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In a meeting for a potential PostDoc place, I want to talk to the professor about potential collaborations and working together. I've learnt that independent papers are a must for my career. I also know that I am able to do this but perhaps not entirely independently. For example, I may produce a paper entirely on my own but say I use supercomputing time for which the grant was written by the professor. Therefore, I would say this is not entirely my own effort. Although it is debatable.

In the meeting, what is the best way to put my demands on the table. My options are:

  1. Do not talk about it. Maybe after 2 years when I am almost about to leave I can think of something completely on my own with the 2 years of experience behind me.

  2. Talk about it directly. I say it on the face that I want and need a single author paper and I can help with other things while I get the single authorship.

  3. Drop indirect hints that this is important for my career and reduce the chances that the message is delivered.

Kindly suggest a suitable approach. You may create your own option.

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  • 3
    Are you sure that "independent papers are a must for my career"?
    – Louic
    Oct 28, 2021 at 12:50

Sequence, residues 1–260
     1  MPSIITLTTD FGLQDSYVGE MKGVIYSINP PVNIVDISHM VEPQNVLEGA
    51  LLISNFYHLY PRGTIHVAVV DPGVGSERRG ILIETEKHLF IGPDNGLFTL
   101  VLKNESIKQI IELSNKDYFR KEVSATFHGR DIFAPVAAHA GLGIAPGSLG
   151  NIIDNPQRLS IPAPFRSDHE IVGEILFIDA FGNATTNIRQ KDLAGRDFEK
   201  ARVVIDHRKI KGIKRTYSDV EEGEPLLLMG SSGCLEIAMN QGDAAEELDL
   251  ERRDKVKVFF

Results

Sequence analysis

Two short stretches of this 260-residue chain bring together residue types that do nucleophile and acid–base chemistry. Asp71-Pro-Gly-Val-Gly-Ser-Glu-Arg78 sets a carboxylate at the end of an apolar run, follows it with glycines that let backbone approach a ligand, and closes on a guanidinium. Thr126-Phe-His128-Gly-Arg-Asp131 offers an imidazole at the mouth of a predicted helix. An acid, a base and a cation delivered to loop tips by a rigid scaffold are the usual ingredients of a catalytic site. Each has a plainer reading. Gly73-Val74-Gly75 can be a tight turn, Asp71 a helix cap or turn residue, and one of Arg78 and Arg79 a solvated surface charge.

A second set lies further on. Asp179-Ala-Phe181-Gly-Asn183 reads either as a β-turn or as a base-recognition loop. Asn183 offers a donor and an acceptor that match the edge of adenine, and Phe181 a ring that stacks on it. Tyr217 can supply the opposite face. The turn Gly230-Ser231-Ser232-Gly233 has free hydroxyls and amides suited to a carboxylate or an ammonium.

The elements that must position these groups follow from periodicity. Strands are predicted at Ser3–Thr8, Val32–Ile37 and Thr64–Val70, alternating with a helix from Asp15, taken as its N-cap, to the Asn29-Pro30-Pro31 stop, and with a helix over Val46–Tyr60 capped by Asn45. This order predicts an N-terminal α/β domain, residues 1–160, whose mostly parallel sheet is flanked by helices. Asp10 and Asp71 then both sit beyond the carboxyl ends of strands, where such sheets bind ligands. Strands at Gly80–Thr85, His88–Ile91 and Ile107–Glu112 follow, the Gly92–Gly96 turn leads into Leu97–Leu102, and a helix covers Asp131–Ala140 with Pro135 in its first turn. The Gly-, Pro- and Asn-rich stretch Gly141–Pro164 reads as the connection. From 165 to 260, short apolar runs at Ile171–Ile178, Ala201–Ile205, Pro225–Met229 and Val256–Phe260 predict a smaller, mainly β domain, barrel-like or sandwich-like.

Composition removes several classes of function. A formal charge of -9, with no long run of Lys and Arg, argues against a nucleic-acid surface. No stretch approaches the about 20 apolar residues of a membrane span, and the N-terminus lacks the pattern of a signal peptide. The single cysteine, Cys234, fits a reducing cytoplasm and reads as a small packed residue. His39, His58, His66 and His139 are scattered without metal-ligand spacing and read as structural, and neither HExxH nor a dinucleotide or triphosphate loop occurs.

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    Single author papers being a "must" are very much a field-specific thing. For the projects my group works on and published on, none could be sole author - there is just too much collaboration across different specialties needed to get a result.
    – Jon Custer
    Oct 28, 2021 at 13:16
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    As comments are [pointing out, this varies by field. It would be difficult in my field to publish a solo paper, and doing so would be pretty meaningless. Can you add a field? Oct 28, 2021 at 15:29
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    Physics (that's why the name quantum)
    – quantum
    Oct 28, 2021 at 16:09
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    @quantum What area of physics? Some areas of physics it is certainly not possible to publish as a single author (besides reviews), because the projects require substantial collaboration to conduct.
    – Bryan Krause
    Oct 29, 2021 at 17:01

3 Answers 3

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Another approach is to ask rather than tell. This has the advantage of appearing collegial (not making demands) but also getting direct info on policies/preferences (to the extent the person is honest).

Ask: how do you handle authorship? Under what circumstances do your post-docs publish solo authored work vs co-authored work? How do you assist post-docs with communicating their readiness for running their own lab on the job market? Is solo authorship an important part of this, in your opinion?

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    I think this is good advice. Also: work out what you're asking for. Agreement that you can work on your own projects for some of the time? Agreement that you can work on the professor's projects quasi-independently so that you can publish as a single author? Agreement that the professor helps you to do the research but doesn't put their name on it?